The high dropout rate (75%) in opioid use disorder (OUD) treatment among women and racial/ethnic minorities in the United States necessitates a better knowledge of the factors that contribute to treatment success. While therapy and medication for OUD are considered the top standard of care in substance use disorder (SUD) treatment, many people with OUD receive just counseling or methadone-only therapies.
In response to the rising efficacy of the illicit opioid drug supply and often observed delays in access to follow-up therapy, emergency departments (EDs) occasionally utilize a high-dose buprenorphine induction method for the treatment of opioid use disorder (OUD). The objective of this study is to investigate the safety and tolerability of high-dose (>12 mg) buprenorphine induction for patients with OUD presenting to an ED.
During the past decade, heated aerosolized nicotine delivery systems (HANDS) —mainly e-cigarettes—have surpassed nicotine replacement therapy as the most utilized aids for stopping smoking in England.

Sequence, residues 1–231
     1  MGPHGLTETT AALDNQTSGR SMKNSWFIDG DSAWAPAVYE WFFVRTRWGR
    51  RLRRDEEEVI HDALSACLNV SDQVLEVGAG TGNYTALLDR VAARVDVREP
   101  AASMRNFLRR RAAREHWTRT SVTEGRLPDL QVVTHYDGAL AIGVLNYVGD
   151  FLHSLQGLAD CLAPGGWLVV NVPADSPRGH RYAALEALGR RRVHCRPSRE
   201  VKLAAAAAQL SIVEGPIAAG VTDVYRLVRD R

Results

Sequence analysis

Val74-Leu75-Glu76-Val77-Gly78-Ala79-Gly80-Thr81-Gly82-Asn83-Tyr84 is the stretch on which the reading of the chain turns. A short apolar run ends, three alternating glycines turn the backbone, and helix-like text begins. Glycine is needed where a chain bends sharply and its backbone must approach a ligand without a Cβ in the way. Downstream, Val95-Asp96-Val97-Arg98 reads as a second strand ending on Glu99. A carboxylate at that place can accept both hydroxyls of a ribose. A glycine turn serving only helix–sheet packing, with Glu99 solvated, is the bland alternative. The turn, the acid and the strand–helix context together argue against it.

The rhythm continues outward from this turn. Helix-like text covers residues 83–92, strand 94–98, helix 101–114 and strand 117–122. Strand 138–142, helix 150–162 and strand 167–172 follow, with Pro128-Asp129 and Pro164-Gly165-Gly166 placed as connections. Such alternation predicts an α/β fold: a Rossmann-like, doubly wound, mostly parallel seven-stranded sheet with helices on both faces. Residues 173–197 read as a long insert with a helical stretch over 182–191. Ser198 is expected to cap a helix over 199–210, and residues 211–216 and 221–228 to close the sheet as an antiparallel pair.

The World Health Organization identifies alcohol as a cause of several neoplasias of the oropharynx cavity, esophagus, gastrointestinal tract, larynx, liver, or female breast. We review ethanol’s nonoxidative and oxidative metabolism and one-carbon metabolism that encompasses both redox and transfer reactions that influence crucial cell proliferation machinery.
Brief treatment (BT) or regular outpatient alcohol use or substance use disorder (SUD) treatment is a key element of the Screening, Brief Intervention, and Referral to Treatment (SBIRT) model. It can be an effective, short-term, and low-cost treatment option for many people who misuse alcohol and drugs. Nevertheless, inconsistent BT implementation often costs similar to regular outpatient care.
Framework Convention on Tobacco Control (FCTC) was developed by the World Health Organization (WHO) to assist nations in reducing the demand and supply of tobacco. In 2020, 182 nations joined the FCTC, approving to implement the recommended tobacco control measures.